Essay by Jean-Claude Burgelman: “The world of scientific communication has changed significantly over the past 12 months. Understandably, the amazing mobilisation of research and scholarly publishing in an effort to mitigate the effects of Covid-19 and find a vaccine has overshadowed everything else. But two other less-noticed events could also have profound implications for the industry and the researchers who rely on it.
On 10 January 2020, Taylor and Francis announced its acquisition of one of the most innovative small open-access publishers, F1000 Research. A year later, on 5 January 2021, another of the big commercial scholarly publishers, Wiley, paid nearly $300 million for Hindawi, a significant open-access publisher in London.
These acquisitions come alongside rapid change in publishers’ functions and business models. Scientific publishing is no longer only about publishing articles. It’s a knowledge industry—and it’s increasingly clear it needs to be regulated like one.
The two giant incumbents, Springer Nature and Elsevier, are already a long way down the road to open access, and have built up impressive in-house capacity. But Wiley, and Taylor and Francis, had not. That’s why they decided to buy young open-access publishers. Buying up a smaller, innovative competitor is a well-established way for an incumbent in any industry to expand its reach, gain the ability to do new things and reinvent its business model—it’s why Facebook bought WhatsApp and Instagram, for example.
New regulatory approach
To understand why this dynamic demands a new regulatory approach in scientific publishing, we need to set such acquisitions alongside a broader perspective of the business’s transformation into a knowledge industry.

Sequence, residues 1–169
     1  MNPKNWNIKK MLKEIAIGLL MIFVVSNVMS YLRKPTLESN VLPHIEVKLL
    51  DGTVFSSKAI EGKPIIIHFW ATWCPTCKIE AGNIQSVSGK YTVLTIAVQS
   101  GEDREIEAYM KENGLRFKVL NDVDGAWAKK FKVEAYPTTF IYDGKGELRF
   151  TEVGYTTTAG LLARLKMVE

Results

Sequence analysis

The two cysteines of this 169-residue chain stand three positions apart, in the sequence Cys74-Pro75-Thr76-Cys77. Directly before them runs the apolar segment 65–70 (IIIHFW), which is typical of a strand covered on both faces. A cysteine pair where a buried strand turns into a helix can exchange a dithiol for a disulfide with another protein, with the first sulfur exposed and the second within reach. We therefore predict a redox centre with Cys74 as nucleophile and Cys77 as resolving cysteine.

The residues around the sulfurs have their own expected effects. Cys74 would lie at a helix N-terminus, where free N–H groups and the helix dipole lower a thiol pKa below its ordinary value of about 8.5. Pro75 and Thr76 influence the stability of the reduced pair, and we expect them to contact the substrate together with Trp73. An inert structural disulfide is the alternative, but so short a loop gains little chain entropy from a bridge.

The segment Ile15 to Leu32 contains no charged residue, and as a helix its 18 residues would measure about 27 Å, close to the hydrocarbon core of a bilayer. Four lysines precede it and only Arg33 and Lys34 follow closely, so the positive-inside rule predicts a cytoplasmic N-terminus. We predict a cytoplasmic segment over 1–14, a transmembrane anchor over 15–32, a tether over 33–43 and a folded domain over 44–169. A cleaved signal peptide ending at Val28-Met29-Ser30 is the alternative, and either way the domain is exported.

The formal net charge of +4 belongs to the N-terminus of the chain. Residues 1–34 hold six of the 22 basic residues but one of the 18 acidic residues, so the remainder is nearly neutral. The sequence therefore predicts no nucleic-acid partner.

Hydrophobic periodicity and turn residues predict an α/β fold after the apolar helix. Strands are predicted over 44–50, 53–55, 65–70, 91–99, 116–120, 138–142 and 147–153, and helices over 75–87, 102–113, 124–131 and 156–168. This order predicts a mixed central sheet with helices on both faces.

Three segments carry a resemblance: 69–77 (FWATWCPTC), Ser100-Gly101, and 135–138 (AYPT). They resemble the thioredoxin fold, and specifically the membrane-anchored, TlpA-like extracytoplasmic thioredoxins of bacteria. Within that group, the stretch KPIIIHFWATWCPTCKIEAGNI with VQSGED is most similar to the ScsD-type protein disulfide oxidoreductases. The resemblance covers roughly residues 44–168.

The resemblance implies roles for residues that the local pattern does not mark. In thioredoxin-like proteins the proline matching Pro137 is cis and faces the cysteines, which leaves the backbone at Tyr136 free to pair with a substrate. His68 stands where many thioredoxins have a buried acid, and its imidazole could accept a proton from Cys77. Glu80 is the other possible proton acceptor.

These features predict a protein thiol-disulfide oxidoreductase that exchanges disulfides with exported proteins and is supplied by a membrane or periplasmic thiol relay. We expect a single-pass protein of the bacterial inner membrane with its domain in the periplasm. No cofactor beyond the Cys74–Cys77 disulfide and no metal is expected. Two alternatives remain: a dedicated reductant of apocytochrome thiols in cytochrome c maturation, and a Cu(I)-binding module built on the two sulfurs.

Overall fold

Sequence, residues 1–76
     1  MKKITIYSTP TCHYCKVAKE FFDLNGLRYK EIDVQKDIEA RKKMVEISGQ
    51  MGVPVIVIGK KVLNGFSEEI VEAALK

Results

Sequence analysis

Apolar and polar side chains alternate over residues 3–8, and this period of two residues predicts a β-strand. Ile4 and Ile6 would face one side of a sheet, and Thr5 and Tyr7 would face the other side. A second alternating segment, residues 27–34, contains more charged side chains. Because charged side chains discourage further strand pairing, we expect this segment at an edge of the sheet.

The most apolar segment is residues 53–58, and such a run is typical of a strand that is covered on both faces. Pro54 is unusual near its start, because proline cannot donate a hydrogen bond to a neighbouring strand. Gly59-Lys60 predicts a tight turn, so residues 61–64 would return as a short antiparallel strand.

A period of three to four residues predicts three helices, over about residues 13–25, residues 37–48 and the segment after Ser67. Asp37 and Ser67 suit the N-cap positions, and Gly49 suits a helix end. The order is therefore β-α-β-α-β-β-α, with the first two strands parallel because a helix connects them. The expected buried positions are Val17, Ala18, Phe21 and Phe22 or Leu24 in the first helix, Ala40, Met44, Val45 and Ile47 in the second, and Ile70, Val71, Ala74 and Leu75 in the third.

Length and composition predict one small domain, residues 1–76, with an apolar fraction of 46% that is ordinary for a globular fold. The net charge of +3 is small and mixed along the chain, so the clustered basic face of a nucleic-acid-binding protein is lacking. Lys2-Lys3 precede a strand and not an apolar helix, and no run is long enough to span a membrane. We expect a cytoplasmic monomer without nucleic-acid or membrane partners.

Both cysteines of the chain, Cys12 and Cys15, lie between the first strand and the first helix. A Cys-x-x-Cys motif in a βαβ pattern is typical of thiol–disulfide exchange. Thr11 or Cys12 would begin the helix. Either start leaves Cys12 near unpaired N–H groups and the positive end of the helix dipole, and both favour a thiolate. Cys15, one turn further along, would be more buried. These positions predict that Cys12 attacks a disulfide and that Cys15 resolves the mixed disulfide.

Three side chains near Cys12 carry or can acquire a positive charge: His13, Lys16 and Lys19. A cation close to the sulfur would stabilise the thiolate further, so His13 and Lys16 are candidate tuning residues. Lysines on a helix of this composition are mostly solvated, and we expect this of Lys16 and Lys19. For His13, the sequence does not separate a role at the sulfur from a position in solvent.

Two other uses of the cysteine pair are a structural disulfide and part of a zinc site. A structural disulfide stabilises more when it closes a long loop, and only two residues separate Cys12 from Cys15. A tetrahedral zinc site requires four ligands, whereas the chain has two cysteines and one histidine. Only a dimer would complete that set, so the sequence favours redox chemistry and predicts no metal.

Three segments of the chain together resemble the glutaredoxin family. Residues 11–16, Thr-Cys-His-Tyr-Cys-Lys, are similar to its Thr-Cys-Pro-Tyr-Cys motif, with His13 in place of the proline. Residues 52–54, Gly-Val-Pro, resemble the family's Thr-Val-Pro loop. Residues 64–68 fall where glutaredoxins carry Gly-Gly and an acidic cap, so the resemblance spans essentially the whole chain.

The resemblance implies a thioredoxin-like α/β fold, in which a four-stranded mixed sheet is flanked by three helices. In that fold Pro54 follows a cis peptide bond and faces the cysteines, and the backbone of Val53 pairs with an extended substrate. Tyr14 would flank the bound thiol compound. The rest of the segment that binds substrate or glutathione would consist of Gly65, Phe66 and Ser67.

Monopolies, cartels and oligopolies in any industry are a cause for concern. By reducing competition, they stifle innovation and push up prices. But for science, the implications of such a course are particularly worrying.
Science is a common good. Its products—and especially its spillovers, the insights and applications that cannot be monopolised—are vital to our knowledge societies. This means that having four companies control the worldwide production of car tyres, as they do, has very different implications to an oligopoly in the distribution of scientific outputs. The latter situation would give the incumbents a tight grip on the supply of knowledge.
Scientific publishing is not yet a monopoly, but Europe at least is witnessing the emergence of an oligopoly, in the shape of Elsevier, Springer Nature, Wiley, and Taylor and Francis. The past year’s acquisitions have left only two significant independent players in open-access publishing—Frontiers and MDPI, both based in Switzerland….(More)”.